The European Commission and the V4
The European Commission (EC) is the politically independent executive body of the European Union, whose pan-European weight has been constantly increasing. Its main roles are to protect the interests of the union and to table laws for adoption.[viii] According to the one commissioner per member state principle, there are currently 27 commissioners led by the president, a post currently held by Ursula von der Leyen. It is important to note that commissioners in the course of their work are not allowed to consider the national or any other interests of their country of origin. They must work solely for the Union, and no one else.
Chart 1: May – Nov 2004[ix]
Since the EU accession of the countries of the VG in 2004, the currently running EC cycle has been the fifth one. For the new members, the first period lasted only for a few months since it only took from May 2004 till the end of November of the same year. This stretch represented the end of the prestigious era led by Romano Prodi. His successor, José Manuel Barroso had the privilege to lead the EC through two, five-year-long cycles. After him Jean-Claude Juncker stepped into the European limelight, however, only for one term. Since we are in the first half of the von der Leyen Commission it is hard to tell whether she will be able to win a next cycle in office. Thanks to the Brexit the chances of retaining the German leadership has significantly upscaled. In the Prodi Commission, the commissioners of the V4 countries served only for a few months. Even though the short term in office did not provide a real opportunity to achieve meaningful results, in the paradigm of the V4 only the representatives of Poland and Slovakia received domestic support to continue the work they had begun in Brussels. The first full-length term of the newcomers was completed under the presidency of José Manuel Barroso.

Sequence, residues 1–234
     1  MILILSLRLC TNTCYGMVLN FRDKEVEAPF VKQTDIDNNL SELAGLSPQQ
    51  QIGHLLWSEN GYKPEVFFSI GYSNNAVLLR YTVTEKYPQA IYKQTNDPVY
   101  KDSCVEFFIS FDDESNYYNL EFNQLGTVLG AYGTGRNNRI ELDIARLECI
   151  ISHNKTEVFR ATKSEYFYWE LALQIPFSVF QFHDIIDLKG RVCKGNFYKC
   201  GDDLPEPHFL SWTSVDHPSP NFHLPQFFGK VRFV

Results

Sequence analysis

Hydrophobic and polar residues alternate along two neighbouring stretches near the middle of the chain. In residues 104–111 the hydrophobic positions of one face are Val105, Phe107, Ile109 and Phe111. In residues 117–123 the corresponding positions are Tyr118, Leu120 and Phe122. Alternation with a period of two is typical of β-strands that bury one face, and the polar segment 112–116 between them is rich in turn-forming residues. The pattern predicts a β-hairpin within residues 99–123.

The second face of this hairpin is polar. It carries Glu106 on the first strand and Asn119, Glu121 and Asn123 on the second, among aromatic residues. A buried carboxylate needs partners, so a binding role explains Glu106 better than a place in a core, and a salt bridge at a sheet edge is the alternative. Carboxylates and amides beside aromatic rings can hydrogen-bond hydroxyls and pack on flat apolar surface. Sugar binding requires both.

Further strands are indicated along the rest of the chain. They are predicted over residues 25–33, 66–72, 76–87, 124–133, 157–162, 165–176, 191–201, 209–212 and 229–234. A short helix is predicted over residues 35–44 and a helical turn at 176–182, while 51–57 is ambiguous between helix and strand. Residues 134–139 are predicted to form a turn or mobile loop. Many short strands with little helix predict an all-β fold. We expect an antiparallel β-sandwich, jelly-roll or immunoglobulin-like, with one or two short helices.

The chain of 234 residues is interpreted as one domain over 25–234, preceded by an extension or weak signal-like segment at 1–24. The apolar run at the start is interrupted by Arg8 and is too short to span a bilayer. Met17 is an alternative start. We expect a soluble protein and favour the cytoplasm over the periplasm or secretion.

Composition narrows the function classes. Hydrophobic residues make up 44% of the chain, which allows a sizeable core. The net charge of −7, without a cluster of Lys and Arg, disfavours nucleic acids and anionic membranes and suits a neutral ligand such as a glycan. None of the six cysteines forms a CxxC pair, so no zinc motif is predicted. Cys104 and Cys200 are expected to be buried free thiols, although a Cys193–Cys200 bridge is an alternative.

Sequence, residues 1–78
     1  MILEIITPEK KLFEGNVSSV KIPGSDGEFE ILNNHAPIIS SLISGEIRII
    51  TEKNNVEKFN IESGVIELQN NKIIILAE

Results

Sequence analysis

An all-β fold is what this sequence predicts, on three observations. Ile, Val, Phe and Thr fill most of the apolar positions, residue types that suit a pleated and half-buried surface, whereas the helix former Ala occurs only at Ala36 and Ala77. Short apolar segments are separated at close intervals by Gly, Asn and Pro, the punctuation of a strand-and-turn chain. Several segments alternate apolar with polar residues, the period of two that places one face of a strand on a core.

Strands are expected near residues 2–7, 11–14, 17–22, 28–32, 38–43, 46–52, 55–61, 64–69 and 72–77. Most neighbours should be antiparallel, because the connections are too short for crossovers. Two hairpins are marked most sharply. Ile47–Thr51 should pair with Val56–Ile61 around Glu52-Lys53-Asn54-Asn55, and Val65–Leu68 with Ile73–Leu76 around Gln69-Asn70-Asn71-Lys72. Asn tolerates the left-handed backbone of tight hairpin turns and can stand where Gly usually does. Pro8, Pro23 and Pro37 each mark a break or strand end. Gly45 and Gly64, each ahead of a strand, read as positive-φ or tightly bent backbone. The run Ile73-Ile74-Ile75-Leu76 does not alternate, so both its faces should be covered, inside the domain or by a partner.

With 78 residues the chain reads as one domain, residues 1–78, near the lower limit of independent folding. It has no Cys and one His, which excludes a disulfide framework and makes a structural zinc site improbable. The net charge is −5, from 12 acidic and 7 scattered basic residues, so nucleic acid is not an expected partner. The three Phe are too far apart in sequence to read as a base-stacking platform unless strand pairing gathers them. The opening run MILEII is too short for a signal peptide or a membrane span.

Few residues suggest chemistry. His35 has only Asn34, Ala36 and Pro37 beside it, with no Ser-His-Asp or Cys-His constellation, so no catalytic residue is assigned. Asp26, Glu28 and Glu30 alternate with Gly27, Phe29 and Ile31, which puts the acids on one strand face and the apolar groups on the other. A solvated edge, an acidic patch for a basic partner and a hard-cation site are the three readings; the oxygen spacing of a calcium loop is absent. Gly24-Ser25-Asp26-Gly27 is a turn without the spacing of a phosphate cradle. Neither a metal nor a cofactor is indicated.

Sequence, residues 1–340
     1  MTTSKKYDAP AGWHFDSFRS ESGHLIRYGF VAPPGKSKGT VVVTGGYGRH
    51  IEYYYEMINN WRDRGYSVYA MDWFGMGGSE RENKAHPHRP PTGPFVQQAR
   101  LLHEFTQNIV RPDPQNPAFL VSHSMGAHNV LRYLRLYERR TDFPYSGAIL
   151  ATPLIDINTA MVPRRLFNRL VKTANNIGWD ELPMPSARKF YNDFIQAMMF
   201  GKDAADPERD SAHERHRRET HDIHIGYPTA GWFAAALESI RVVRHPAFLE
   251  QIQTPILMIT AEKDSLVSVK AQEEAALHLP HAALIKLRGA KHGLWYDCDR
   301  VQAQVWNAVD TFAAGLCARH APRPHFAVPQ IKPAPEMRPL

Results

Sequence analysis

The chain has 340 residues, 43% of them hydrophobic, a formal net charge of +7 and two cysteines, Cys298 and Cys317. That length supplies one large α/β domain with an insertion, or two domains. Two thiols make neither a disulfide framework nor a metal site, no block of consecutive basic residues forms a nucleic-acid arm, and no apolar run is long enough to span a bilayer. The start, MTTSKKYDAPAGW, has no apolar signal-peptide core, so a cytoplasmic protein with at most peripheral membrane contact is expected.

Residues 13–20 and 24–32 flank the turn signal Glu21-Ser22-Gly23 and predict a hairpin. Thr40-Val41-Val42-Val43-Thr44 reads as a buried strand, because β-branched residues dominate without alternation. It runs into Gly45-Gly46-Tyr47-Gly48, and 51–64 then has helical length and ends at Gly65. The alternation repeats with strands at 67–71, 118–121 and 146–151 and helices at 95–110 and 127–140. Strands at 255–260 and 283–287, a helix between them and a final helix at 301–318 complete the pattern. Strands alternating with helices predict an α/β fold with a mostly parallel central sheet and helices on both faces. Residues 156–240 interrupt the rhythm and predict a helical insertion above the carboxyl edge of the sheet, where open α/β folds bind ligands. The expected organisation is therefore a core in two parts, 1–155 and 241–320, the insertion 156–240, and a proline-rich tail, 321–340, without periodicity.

From the Chart 2 below it can be seen that the Central European countries have been entrusted with responsible and demanding positions among which hard and soft issues were both present. Personal changes, however, also took place during this cycle, and interestingly in both cases those commissioners left office before the end of their mandate who had started fulfilling their mission immediately after the accession in the Prodi Commission. None of them, however, stepped down as a result of failure as their careers continued to rise after leaving commissioner post.
|CZ||Vladimír Špidla||Employment, Social Affairs and Equal Opportunities||full|
|HUN||László Kovács||Taxation and Customs Union||full|
|POL||Danuta Hübner||Regional Policy||until 4 July 2009|
|Paweł Samecki||from 4 July 2009|
|SVK||Ján Figeľ||Education, Training and Culture||until 1 October 2009|
|Maroš Šefčovič||from 1 October 2009|
Chart 2: EC 2004 – 2009[x]
In case of Danuta Hübner, the reason for her leaving was to become a Member of the European Parliament for Poland in the 2009 elections. Ján Figeľ, however, triumphed in the presidential election of his domestic party, the Christian Democratic Movement and returned to his homeland, Slovakia.